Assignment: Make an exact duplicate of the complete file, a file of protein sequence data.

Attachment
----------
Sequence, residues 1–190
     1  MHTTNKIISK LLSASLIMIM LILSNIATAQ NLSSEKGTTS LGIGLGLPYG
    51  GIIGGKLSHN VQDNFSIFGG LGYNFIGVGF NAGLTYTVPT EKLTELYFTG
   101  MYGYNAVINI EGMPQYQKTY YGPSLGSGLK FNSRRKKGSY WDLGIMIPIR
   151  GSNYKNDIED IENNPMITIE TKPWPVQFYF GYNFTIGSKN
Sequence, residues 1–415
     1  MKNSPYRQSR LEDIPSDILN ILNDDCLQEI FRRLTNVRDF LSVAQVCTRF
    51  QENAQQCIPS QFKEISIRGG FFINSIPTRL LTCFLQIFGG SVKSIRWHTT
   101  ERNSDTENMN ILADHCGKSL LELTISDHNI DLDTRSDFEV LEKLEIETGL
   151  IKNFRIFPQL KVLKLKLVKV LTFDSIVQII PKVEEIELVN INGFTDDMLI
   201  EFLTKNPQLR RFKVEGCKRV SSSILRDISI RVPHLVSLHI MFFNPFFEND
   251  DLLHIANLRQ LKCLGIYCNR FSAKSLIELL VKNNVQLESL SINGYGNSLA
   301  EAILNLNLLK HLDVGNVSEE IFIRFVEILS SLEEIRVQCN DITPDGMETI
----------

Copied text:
Sequence, residues 1–190
     1  MHTTNKIISK LLSASLIMIM LILSNIATAQ NLSSEKGTTS LGIGLGLPYG
    51  GIIGGKLSHN VQDNFSIFGG LGYNFIGVGF NAGLTYTVPT EKLTELYFTG
   101  MYGYNAVINI EGMPQYQKTY YGPSLGSGLK FNSRRKKGSY WDLGIMIPIR
   151  GSNYKNDIED IENNPMITIE TKPWPVQFYF GYNFTIGSKN
Sequence, residues 1–415
     1  MKNSPYRQSR LEDIPSDILN ILNDDCLQEI FRRLTNVRDF LSVAQVCTRF
    51  QENAQQCIPS QFKEISIRGG FFINSIPTRL LTCFLQIFGG SVKSIRWHTT
   101  ERNSDTENMN ILADHCGKSL LELTISDHNI DLDTRSDFEV LEKLEIETGL
   151  IKNFRIFPQL KVLKLKLVKV LTFDSIVQII PKVEEIELVN INGFTDDMLI
   201  EFLTKNPQLR RFKVEGCKRV SSSILRDISI RVPHLVSLHI MFFNPFFEND
   251  DLLHIANLRQ LKCLGIYCNR FSAKSLIELL VKNNVQLESL SINGYGNSLA
   301  EAILNLNLLK HLDVGNVSEE IFIRFVEILS SLEEIRVQCN DITPDGMETI